Constant Carnival: The Haas Brothers in Context
Constant Carnival: The Haas Brothers in Context explores the work of contemporary artists Simon and Nikolai Haas within the art historical tradition of the carnivalesque. The exhibition is the first to pair the Haas Brothers’ sculptures and drawings with historical, modern, and contemporary masterworks.
In medieval Europe, the festival of Carnival—like modern day Mardi Gras—was a time of liberation and inversion. Carnival leveled social hierarchies, encouraged free expression, and celebrated behaviors that were usually prohibited. Although the Carnival tradition eventually went into decline, its transgressive spirit survives in artworks that use humor or grotesquery to challenge social norms and destabilize power structures.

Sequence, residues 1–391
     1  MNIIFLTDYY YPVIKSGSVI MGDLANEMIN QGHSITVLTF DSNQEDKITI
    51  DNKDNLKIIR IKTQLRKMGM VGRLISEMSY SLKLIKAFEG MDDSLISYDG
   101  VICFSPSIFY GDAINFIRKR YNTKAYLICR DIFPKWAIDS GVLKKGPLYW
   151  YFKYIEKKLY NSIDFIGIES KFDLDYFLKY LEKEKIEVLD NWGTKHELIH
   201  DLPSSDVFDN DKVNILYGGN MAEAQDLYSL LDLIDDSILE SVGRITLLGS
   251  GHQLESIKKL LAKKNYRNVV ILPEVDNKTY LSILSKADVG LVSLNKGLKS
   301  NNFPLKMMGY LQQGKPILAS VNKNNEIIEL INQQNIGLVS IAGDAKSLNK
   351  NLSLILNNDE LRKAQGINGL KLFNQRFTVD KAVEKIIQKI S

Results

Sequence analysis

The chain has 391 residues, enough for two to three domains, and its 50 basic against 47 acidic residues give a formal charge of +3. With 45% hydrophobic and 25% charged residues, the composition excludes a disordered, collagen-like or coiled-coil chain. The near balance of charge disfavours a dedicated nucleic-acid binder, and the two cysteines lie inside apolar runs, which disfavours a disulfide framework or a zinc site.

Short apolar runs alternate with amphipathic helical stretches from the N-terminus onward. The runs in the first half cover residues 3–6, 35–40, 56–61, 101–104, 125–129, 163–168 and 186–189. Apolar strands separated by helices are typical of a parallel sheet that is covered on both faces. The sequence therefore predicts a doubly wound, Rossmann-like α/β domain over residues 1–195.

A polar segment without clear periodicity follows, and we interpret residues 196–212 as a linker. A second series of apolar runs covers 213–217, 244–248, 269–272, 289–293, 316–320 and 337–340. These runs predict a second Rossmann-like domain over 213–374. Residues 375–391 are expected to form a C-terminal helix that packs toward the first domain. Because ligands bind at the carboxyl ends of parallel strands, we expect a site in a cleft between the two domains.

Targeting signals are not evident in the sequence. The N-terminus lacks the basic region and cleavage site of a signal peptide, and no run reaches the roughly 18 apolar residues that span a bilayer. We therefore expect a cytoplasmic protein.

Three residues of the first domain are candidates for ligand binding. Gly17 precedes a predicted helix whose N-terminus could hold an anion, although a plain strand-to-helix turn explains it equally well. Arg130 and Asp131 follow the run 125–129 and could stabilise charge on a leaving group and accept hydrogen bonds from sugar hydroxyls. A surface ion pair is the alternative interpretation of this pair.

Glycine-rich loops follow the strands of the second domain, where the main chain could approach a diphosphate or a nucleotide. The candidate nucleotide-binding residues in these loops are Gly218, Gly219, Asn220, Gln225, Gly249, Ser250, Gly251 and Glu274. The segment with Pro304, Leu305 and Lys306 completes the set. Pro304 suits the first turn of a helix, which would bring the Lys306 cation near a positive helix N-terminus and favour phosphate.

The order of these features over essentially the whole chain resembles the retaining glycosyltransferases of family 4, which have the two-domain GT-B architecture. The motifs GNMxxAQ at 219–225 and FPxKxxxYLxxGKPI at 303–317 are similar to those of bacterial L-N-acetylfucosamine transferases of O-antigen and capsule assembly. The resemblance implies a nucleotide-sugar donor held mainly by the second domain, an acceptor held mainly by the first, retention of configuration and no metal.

This spirit of the carnivalesque, which transcends cultures and time periods, animates the Haas Brothers’ innovative designs. Their bright, beaded beasts, which balance playfulness and gleeful carnality, are the modern-day ancestors of Hieronymus Bosch’s fantastical creatures and Mike Kelley’s scatological assemblages. By merging the realms of craft, design, and contemporary art, the Haas Brothers also demonstrate just how arbitrary the boundaries and hierarchies of the art world truly are.
The exhibition, which traces the history of the carnivalesque from the fifteenth century to the present, is loosely organized around two themes: The World Turned Upside Down and Celebrating the Profane. Each section will put historical and contemporary works in conversation with each other and with the Haas Brothers’ designs. Other artists represented in the exhibition include Leonora Carrington, Salvador Dali, Joan Miró, Niki de Saint Phalle, and Kiki Smith..